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Mbala’s back for Archers

La Salle’s Ben Mbala returns to action against Adamson in the UAAP senior men’s basketball tournament at the MOA Arena this afternoon with a wealth of experience from the FIBA AfroBasket Cup to boost his stock.

But it remains to be seen if Mbala will play a major role in coach Aldin Ayo’s rotation at least for today’s contest. He arrived from a tiring trip that took almost a day last Sunday and might still be jet-lagged. Mbala didn’t get to practice with La Salle for nearly a month before the UAAP season started and he’ll need to readjust from playing three or four for the Cameroon national team to playing four or five with the Archers.

Last Saturday, Ayo deployed only nine players in beating NU, 115-109, and could’ve used Mbala to lengthen his rotation. NU outrebounded La Salle, 51-49, had more second chance points, 27-20 and scored more points in the paint, 62-40. La Salle felt Mbala’s absence in those departments. Despite the handicap, Ayo found ways to upend the Bulldogs. Six Archers scored in double figures and two more hit at least eight in a balanced attack that brought down NU. La Salle knocked down 15 triples to NU’s six and posted an assist-to-turnover ratio of 22:18 compared to the Bulldogs’ 18:20.

The entire Archers squad was at the airport to welcome Mbala when he landed. He took an Emirates flight that took off in Tunisia then had a layover of five hours in Dubai before heading for Manila. From the airport, the team went to the Toast Restaurant at the Ayala Malls the 30th on Meralco Avenue for dinner.

Mbala said he learned a ton of lessons in his debut with the Cameroon squad. His stint in the FIBA AfroBasket Cup means he’ll never be able to play for the Philippines as a naturalized import. Cameroon coach Antonio Barbosa of Brazil was a fountain of knowledge. Barbosa, 72, coached the Brazilian women’s team at the Rio Olympics. Cameroon tapped Barbosa after regular coach Lazare Adingono wasn’t released by his Angola club employer.

“Coach told me not to hesitate to take a shot if I’m open and gave me a lot of confidence,” said Mbala. “Against Nigeria, I went to the post against (Ike) Diogu because he’s not a strong post defender. In the other games, we did pick-and-pops and I attacked face-up. In FIBA, they’re strict with contact and don’t allow arm bars. It’ll be easier to adjust back to the UAAP rules.”

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Mbala’s matchup against Diogu, a six-year NBA veteran who’s 33, was the highlight of Cameroon’s duel with Nigeria in the knockout quarterfinals. Mbala hit 32 points and Diogu, 28, as Nigeria won, 106-91. Nigeria was up, 75-70, to start the fourth period then Mbala got his fourth personal and had to sit out. While Mbala was on the bench, Nigeria detonated a 10-0 bomb that settled the issue. Mbala wound up the tournament’s second leading scorer (21.8) and rebounder (9.3) while Diogu was voted MVP.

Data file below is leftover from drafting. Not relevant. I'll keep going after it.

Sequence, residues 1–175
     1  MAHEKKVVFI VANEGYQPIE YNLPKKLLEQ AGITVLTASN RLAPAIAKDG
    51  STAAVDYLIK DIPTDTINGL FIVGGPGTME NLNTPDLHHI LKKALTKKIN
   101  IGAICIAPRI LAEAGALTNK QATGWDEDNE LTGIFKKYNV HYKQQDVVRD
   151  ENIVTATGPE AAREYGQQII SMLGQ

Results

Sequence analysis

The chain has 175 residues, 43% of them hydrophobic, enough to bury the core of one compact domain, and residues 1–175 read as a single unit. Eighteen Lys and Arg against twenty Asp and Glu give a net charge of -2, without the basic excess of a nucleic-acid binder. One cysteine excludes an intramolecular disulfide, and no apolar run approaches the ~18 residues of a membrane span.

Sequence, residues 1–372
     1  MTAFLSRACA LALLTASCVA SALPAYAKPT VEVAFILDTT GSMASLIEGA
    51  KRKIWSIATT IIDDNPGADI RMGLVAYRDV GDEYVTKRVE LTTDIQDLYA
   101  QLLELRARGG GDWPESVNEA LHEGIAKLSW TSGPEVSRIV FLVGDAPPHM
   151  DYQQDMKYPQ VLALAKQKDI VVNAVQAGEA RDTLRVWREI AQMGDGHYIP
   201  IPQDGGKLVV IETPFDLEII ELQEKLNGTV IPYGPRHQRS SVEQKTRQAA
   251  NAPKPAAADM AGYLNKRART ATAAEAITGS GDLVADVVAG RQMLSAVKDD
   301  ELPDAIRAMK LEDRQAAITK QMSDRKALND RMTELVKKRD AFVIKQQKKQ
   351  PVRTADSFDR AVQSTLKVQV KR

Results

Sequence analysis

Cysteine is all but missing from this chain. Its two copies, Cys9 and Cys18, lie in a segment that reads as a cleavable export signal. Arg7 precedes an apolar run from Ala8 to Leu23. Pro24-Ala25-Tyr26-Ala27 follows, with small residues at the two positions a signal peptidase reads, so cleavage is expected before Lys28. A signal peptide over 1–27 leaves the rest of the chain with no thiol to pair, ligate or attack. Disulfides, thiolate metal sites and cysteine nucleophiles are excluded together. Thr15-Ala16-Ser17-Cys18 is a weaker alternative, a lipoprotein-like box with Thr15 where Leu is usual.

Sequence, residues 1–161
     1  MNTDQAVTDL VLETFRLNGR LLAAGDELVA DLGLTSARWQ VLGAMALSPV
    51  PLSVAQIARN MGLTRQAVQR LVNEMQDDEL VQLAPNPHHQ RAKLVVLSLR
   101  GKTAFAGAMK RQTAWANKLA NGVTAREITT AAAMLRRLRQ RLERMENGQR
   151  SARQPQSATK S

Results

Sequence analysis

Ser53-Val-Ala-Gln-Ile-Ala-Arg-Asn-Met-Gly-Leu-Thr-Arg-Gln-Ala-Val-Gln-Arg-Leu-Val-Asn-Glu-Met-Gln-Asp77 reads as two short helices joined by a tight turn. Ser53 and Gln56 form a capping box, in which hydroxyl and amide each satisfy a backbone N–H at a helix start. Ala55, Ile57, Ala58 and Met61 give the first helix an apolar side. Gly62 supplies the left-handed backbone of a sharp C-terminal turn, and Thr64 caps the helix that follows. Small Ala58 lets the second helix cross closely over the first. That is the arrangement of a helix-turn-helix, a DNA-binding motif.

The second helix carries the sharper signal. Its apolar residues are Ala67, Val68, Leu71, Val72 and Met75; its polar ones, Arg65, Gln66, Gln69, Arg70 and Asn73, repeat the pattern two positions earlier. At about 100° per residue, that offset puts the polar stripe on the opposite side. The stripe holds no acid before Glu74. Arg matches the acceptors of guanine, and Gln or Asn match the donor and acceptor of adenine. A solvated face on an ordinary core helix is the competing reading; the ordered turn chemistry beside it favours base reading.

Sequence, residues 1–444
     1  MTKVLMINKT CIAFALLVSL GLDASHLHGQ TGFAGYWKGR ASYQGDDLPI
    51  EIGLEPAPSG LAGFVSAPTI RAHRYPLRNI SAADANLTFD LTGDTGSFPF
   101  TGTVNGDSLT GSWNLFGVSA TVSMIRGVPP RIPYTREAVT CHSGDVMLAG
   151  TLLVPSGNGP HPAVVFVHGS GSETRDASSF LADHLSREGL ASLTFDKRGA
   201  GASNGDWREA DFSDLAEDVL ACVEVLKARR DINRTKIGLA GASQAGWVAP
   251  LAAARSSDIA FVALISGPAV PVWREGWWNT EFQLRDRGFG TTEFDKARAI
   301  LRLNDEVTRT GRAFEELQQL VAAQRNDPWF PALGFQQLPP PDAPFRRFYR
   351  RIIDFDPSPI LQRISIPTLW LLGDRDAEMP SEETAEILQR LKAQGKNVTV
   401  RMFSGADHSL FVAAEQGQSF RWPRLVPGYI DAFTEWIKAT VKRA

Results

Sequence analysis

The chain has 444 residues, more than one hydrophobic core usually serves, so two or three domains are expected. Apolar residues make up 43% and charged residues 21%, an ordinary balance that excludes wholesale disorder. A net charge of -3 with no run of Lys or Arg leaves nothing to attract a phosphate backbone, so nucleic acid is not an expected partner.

Mbala said Cameroon could’ve gone all the way to the final if only naturalized import D. J. Strawberry, 6-11 Kenny Kadji and the country’s three NBA players Joel Embiid, Luc Mbah a Moute and Pascal Siakam played. Strawberry, a former Phoenix Sun, trained with Cameroon in the first week of camp in Sao Paolo then was recalled to Turkey by his team. Kadji joined the national squad in camp in Cameroon then was also recalled by his club in Turkey. The three NBA players opted to stay in the US to protect their roster spots.

Mbala said he got along with his Cameroon teammates, especially roommate Arnaud Moto. He made special mention of point guard Njoya Seidou who had an impressive showing. With Strawberry and four other key players missing, Cameroon lacked the depth to compete with Tunisia and Nigeria. Cameroon lost only to those two countries that ended up battling in the final.

The AfroBasket Cup brought in several NBA veterans aside from Diogu. Senegal paraded Maurice Ndour, Gorgui Dieng and former PBA import Hamady N’diaye while Nigeria had Damiel Ochefu. But there were no NBA or collegiate scouts in the audience. Mbala said he was approached by scouts representing European and Middle East teams. 

“My Cameroon teammates were surprised that we play basketball at a high level in the Philippines,” said Mbala. “They went to the internet to check out games in the UAAP and PBA. Now, they know how we play and they’re impressed. I’m grateful to La Salle and Boss Danding (Cojuangco) for allowing me to play for my national team. It’s always been my dream to play for my country. Now, I’m back to play for La Salle. I know it will be a challenge to win back-to-back UAAP championships but we’ll give our best to make it happen.”

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